I have to talk about one more thing. The last scene in the movie. I won’t describe it, because you have to watch it yourself. It was so beautiful, brilliant, poignant and perfect, that I couldn’t stop crying. Then I put that last scene on repeat mode and watched it for an hour. It was a perfect ending to the story like the best endings. After watching it, I took down Wharton’s book from my shelf and read that last scene. It was beautiful, but I have to say this. Though I believe that a book is mostly better than its movie adaptation, I have to still say this. Scorsese takes that beautiful last scene from Wharton’s novel, and improves on it and makes it better. He makes it brilliant. It just shows what a great director he is. What a great master he is.

Now the only thing left for me to do is to read Wharton’s book. I can’t wait to do that.

Have you seen ‘The Age of Innocence’?

My first book for Women in Translation Month in August is ‘Barakamon‘ by Satsuki Yoshino. I got it as a birthday present from one of my favourite friends. I read the first part of this multiple volume Manga comic series which has been translated by Krista Shipley and Karie Shipley.

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Barakamon tells the story of a young twenty-something calligrapher, Seishuu Handa. He is successful though he is young, having won many awards for his work. But he loses it when an elderly man criticizes his work and Handa knocks this critic down. Overnight, he becomes a person to be avoided by the calligraphy community. To recover from this, he takes a break and moves to an island. He thinks that the island will be calm and he can practice calligraphy in peace till things become better at home. Unfortunately, he hasn’t reckoned with the islanders. They are curious and intrusive, they walk into his home whenever they feel like it and he discovers that some children have established a base at his home for hanging out and playing games. This annoys him no end and disturbs his peace. But gradually he warms up to the islanders, because they have big hearts and help him when he is in need. Naru, a young girl who is in elementary school, becomes his best friend, always hangs out at his place and is his guide to the ways of life is the island. The experiences and adventures that Handa and Naru have, form the rest of the book.

I loved ‘Barakamon‘ for the way it contrasted city life and island life through the eyes of Handa. I also loved the charming island characters. My favourite character was Naru – she was really cool and awesome, always smiling and always upto something. There were no bad characters in the story and there were no black-and-white situations, and this made the story very realistic, which I loved very much.

In some places I found the translation odd – for example one of the characters said ‘Sonny‘ and many of the characters said ‘Yer‘. I am sure they did not speak that way in Japanese. But there was a note at the end of the book which said that people in that island spoke a dialect which was different from the Japanese spoken in cities and because the translators wanted to highlight that, they used words like this. I was happy to read that explanation, because it shone light on the challenges of translating dialect from one language to another.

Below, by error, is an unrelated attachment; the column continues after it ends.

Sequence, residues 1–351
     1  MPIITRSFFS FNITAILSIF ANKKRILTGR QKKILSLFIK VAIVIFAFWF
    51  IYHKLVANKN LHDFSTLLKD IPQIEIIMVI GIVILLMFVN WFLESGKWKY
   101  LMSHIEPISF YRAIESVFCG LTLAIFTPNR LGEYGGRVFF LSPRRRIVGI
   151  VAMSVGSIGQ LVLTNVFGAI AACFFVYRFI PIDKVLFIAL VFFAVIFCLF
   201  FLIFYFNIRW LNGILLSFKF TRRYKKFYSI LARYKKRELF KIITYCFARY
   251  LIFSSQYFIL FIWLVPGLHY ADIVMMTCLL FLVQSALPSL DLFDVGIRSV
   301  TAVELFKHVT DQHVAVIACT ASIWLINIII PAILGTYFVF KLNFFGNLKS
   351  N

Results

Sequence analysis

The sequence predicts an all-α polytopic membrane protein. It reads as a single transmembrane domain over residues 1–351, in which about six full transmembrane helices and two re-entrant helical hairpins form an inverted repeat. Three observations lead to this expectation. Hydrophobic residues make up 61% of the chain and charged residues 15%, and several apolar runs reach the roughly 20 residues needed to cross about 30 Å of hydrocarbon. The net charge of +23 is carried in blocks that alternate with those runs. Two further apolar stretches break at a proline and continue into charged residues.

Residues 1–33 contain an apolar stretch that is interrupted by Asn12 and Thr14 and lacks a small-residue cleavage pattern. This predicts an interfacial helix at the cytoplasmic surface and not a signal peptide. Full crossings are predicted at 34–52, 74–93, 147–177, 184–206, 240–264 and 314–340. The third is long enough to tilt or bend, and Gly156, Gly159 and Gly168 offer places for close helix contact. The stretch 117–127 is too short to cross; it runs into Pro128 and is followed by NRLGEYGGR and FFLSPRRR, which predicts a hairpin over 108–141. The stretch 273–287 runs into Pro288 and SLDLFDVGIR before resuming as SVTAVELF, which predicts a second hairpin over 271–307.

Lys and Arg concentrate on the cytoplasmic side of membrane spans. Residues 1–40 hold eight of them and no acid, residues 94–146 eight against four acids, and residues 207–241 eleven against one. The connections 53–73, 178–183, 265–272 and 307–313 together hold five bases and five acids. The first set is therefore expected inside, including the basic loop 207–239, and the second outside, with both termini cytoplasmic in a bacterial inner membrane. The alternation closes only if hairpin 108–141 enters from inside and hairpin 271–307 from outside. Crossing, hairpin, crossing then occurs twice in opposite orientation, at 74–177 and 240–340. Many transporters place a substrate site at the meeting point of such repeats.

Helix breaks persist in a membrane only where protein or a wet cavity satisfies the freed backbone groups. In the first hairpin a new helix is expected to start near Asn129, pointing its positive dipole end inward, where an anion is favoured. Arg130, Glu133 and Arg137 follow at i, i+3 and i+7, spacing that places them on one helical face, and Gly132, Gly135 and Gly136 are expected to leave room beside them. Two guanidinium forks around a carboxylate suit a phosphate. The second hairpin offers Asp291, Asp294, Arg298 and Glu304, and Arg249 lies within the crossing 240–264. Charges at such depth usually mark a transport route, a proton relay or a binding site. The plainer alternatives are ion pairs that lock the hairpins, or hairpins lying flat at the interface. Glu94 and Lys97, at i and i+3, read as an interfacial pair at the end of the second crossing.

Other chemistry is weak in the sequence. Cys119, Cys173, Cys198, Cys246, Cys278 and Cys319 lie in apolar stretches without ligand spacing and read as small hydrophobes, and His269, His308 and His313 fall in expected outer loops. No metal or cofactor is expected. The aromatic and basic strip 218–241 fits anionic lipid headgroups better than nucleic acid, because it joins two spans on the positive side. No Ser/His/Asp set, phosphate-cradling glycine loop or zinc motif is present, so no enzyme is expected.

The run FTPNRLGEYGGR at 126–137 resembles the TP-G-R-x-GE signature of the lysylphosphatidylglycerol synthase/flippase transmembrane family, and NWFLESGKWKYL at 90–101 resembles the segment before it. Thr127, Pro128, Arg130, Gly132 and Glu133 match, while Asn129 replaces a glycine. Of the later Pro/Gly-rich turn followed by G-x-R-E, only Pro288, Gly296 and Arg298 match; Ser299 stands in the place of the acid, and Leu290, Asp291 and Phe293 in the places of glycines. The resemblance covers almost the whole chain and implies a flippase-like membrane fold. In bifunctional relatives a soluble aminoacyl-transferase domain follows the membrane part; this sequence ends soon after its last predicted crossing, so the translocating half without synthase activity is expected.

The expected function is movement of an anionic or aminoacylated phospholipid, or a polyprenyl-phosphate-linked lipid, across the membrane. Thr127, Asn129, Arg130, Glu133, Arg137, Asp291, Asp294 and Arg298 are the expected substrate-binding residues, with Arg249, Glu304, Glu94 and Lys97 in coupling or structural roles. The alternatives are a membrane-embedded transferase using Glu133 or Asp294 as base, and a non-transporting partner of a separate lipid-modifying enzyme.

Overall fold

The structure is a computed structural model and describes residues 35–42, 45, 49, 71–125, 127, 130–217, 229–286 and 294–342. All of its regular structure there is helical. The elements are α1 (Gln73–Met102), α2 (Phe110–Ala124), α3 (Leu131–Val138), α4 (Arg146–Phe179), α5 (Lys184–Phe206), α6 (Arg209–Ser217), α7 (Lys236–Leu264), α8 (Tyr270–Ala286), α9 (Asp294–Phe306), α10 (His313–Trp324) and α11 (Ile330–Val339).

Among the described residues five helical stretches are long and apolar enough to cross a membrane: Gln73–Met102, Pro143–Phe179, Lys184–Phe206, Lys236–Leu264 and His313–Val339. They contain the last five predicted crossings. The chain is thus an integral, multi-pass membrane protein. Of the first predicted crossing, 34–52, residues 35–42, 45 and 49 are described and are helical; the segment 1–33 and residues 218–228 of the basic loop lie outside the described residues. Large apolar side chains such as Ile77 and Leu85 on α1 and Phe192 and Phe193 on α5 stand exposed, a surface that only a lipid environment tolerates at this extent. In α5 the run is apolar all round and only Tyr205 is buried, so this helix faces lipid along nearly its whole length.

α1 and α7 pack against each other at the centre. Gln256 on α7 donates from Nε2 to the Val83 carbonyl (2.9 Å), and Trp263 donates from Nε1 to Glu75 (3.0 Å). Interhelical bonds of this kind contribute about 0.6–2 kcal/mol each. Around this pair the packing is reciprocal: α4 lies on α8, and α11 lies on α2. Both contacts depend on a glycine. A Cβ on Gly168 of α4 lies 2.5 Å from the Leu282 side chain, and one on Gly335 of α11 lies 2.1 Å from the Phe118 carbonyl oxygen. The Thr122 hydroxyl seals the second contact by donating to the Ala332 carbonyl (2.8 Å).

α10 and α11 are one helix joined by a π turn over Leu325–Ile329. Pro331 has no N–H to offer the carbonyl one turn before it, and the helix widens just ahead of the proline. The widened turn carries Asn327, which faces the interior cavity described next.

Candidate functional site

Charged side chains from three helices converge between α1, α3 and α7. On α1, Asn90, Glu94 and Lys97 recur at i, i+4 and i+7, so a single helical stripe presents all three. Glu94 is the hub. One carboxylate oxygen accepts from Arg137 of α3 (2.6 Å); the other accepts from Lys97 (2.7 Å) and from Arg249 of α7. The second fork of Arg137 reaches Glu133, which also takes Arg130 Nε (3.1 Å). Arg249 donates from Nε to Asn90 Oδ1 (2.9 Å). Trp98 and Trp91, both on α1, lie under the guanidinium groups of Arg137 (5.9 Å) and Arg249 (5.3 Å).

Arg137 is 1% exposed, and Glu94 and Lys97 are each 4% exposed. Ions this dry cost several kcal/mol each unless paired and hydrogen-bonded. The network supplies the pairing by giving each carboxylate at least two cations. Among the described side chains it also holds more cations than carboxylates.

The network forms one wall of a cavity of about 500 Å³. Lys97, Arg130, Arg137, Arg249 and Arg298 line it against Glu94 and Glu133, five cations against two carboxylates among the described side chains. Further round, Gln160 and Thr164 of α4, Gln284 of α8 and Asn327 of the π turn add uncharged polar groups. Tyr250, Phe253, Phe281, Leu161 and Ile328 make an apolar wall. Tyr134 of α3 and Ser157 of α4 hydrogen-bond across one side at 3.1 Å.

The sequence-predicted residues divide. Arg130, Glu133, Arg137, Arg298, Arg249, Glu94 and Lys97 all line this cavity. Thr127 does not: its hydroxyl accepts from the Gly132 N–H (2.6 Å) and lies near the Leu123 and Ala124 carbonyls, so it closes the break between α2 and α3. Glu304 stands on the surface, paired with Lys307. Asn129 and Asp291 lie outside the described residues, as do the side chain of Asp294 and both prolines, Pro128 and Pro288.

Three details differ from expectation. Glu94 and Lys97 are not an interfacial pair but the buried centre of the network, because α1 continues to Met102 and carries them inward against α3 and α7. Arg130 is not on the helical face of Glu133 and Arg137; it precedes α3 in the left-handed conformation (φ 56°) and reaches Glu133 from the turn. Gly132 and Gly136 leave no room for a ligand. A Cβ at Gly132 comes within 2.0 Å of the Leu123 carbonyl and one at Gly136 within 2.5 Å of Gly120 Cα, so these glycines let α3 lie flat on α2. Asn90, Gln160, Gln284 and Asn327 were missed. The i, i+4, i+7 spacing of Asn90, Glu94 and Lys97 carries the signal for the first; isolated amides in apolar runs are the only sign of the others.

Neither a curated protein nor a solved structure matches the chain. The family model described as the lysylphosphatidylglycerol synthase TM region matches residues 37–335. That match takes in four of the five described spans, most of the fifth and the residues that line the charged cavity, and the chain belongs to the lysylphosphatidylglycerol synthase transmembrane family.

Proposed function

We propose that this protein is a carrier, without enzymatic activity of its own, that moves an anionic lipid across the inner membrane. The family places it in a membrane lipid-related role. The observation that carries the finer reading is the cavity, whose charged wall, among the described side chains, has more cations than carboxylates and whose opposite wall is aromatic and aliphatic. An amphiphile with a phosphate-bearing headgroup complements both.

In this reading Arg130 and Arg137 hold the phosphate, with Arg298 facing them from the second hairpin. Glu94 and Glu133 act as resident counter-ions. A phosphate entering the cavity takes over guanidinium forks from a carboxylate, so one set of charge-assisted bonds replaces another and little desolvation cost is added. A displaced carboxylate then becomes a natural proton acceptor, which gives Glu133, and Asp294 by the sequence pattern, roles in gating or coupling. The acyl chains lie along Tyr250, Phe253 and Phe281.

I was also reading a Manga comic after a long time and it was an interesting experience to read from the back to the front and read the graphic panels and the dialogues from the right to the left. It annoyed me no end at the beginning, and I frequently found myself reading it the ‘wrong’ way, but at some point I got used to the Manga way and it was fun.

I loved the first part of ‘Barakamon‘. I can’t wait to read the second part.

Have you read ‘Barakamon‘? What do you think about it? Do you like Manga comics?

I have not blogged much this year and I miss it very much. The reason for that is that I have not read much this year. I have been wanting to get back my reading mojo for a while now, because it is one of the favourite parts of my life. When I realized that August is Women in Translation Month, I was excited! Because I realized that it was a good time to get back to my favourite activities – reading and blogging. I had wanted to participate in Women in Translation Month last year, but couldn’t do so because I was distracted by life. I was disappointed because I love reading translated works and I love reading women writers. But this time, I am excited to participate.

The exciting part of participating in any reading event is making reading plans. I always enjoy this part. I looked at my bookshelves, tried picking only one book from one language (I made one exception there), avoided thick books (I so wanted to include Sigrid Undset‘s ‘Kristin Lavransdatter‘ and Julia Franck‘s ‘The Blind Side of the Heart‘, but they are thick and so they  will have to wait for another time) and finally arrived at a reading list. I am happy to say books from East Asia, the Indian subcontinent, the Middle East and Western Europe made it into my list. I couldn’t get books from Africa (most of them are written in English), Latin America, Central Asia, Russia and Eastern Europe into my list. Hopefully I will be able to do that next time. I may not be able to read all the books on this list in August, but hopefully I will be able to read some of them. So, here is my reading list for Women in Translation Month.